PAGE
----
With the highway near completion and the beach up and running, the conversation at the Feb. 16 Sister Bay Village Board meeting centered on spurring development. But conversation had some urgency as board members and developers discussed the village’s Tax Increment Financing (TIF) expiration date in seven years.
The village needs to pay back its $6.8 million of debt incurred from the highway reconstruction and other property acquisitions in the next seven years, which can be extended until 2025 under distress. It hopes to do so through increasing property tax revenue following economic development.
The village is looking for that development on its empty lots, including the Braun property and the old school house property overlooking the downtown district.
“It doesn’t do the village any good to sell property and to sit on it and try not to capitalize on the TIF,” said board member Pat Duffy at the meeting.
A TIF is a district within a municipality that can be used to spur economic development by offering benefits such as crediting developers or building infrastructure. These incentives for development will hopefully increase property values and, in turn, property taxes. The municipality can then use that increased property tax revenue to pay for these financing projects. After those payments are made, the increased property tax revenue can be used for other municipal improvements or allow a decrease in the tax levy for residents.
In Sister Bay’s case, the TIF was established to revitalize the blighted downtown district. This included purchasing property and paying for improvements such as the highway reconstruction. It is assumed that these projects will attract private enterprise that will increase property value. The added tax revenue from those new developments will retroactively pay back the debt.
But those developments haven’t been fully realized yet. The assessed value of Sister Bay has increased less than one-tenth percent since the TIF was established in 2008. Although likely due in part to the economic recession, with a more stable economy and brand new highway, Sister Bay now looks to recoup that debt.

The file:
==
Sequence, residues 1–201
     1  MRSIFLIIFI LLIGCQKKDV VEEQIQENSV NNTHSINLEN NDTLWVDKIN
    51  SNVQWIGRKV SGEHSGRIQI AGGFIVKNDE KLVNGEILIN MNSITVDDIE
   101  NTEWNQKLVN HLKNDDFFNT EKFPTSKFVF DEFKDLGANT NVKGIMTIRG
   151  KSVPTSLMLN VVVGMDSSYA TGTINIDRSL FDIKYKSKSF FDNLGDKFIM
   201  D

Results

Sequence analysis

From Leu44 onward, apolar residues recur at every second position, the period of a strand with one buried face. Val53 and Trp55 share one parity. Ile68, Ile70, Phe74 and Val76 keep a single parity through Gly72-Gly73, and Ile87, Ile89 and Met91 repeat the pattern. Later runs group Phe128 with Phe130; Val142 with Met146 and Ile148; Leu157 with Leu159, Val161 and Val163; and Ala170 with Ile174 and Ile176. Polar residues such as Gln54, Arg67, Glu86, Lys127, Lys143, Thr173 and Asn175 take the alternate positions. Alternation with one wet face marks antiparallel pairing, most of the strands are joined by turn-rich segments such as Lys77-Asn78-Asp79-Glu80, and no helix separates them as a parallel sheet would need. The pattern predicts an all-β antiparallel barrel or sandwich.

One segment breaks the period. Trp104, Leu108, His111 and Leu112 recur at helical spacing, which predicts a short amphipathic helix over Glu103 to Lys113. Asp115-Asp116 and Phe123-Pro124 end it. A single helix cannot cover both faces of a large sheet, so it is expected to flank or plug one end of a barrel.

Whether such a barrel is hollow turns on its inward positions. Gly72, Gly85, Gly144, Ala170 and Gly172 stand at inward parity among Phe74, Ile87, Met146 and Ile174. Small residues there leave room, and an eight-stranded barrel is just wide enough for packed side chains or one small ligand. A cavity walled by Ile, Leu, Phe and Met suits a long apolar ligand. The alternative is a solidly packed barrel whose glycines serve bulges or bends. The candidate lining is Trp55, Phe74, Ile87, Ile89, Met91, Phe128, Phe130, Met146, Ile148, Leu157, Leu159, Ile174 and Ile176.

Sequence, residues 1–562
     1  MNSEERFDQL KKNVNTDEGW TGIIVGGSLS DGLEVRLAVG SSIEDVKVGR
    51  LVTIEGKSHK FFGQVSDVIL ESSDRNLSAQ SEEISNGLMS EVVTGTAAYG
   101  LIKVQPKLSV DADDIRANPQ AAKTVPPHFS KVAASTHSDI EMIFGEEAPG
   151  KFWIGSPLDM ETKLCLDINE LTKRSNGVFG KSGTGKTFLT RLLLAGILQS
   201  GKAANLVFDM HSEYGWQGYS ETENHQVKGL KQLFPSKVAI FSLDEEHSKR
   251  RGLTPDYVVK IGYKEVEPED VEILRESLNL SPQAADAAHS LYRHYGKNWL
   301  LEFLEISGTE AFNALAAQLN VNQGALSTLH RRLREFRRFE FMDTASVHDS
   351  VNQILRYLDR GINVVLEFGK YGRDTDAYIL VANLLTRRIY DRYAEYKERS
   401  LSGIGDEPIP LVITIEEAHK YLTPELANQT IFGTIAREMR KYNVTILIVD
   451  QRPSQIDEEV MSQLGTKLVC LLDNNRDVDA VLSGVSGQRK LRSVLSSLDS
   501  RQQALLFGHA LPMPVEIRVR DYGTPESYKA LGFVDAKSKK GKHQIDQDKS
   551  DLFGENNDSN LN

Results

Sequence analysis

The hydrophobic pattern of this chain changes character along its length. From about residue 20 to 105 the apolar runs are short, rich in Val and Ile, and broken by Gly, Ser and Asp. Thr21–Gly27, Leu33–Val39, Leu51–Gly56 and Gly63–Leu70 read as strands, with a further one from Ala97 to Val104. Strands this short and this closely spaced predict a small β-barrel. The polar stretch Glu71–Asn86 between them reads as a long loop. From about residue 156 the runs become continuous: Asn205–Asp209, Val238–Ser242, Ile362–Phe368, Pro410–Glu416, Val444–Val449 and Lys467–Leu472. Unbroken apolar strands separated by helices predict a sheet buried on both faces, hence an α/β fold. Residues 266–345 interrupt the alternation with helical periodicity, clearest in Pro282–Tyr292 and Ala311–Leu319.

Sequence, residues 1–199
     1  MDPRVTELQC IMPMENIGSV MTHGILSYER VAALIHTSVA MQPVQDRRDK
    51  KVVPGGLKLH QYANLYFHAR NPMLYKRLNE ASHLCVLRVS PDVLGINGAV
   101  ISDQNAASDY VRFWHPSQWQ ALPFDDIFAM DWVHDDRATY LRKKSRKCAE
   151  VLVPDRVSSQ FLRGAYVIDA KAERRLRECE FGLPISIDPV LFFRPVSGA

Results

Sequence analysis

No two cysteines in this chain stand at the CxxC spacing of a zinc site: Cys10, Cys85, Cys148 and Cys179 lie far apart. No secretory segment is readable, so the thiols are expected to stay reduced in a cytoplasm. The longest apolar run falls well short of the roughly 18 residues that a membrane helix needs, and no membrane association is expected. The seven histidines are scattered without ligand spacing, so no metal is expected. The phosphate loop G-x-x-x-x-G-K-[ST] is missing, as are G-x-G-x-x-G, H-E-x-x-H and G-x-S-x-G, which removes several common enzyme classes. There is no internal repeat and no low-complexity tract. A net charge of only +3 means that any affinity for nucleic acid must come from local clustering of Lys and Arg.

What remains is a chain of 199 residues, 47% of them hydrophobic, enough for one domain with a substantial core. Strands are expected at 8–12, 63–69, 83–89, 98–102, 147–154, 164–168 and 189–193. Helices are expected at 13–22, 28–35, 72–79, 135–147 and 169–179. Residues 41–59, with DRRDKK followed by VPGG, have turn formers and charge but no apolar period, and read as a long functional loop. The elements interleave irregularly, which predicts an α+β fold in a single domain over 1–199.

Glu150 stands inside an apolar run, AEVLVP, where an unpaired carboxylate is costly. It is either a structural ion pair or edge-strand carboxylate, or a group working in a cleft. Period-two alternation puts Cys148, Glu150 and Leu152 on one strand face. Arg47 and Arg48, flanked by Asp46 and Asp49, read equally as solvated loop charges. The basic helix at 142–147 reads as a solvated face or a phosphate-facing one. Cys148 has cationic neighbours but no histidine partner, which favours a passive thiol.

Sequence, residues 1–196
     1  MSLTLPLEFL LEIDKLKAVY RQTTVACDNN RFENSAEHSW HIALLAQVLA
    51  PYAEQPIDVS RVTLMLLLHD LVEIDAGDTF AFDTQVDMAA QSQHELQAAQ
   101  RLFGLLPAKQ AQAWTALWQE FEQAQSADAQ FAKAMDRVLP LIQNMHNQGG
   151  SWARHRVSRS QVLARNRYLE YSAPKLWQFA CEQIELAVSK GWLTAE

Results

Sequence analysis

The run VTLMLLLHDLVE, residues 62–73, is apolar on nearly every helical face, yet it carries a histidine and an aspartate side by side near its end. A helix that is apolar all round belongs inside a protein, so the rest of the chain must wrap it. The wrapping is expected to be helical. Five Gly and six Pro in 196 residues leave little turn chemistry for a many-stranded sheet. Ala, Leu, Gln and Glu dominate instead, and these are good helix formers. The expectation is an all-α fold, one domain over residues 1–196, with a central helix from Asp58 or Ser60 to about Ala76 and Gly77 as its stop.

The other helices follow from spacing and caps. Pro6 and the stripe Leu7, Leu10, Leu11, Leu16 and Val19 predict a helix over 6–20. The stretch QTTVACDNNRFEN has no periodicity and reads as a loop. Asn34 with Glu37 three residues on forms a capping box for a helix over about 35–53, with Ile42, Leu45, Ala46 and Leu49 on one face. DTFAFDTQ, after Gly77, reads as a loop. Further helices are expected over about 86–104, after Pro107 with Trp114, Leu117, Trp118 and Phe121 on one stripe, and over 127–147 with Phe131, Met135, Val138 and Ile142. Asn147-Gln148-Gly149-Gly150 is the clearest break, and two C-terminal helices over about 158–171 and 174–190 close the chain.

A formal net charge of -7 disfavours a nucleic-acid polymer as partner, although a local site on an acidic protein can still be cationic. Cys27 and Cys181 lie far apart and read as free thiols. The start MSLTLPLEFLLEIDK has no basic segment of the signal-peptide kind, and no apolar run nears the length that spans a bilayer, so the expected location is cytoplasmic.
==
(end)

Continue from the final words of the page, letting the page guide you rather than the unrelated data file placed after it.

“Three years ago was the first time that our TIF turned positive,” said Village Administrator Zeke Jackson in an interview. After starting the TIF in 2008, the village bought properties it hoped could turn into development projects, causing the TIF to slide negative even further.
Since then, the village liquidated some of those properties and has made headway on its debt. One of these properties includes the old school house lot on the hill above the intersection of Hwy. 42 and 57. Another property the village hopes to liquidate is the Braun property. Since the village doesn’t pay property taxes, the Braun lot is doing nothing for the TIF payment. The village needs to sell it if they want to recoup any property taxes.
But it’s not enough to just sell the property. The village also needs to see some buildings go up.
“I think the idea is we don’t want to encourage speculative buying,” said Duffy. “We want to sell for development to capitalize on the TIF.”
Taxing on buildings that aren’t there
A lot in downtown Sister Bay with a water view in front of a major highway reconstruction is an attractive buy for someone who would simply hold onto the property and let its value appreciate. To avoid these speculative buyers, Sister Bay brought forward a tax concept called minimum assessed value.
This idea imposes taxes on a developed property whether it has been built on or not. When entering into a development agreement, a municipality can impose a minimum assessed value to incentivize the developer to build rather than watch an empty lot appreciate. In its meeting, the village board used this in moving forward with plans on the old school property brought forth by developers Allen Gokey and Harbor View LLC.
“If his plan, within the next 12 months, is to build spec homes, that’s fine,” said Duffy. “Twelve months from now, if it’s there, great. If it’s not, we expect that tax money.”
Gokey was surprised at the concept of taxing on buildings that were not built, a common practice according to Jackson.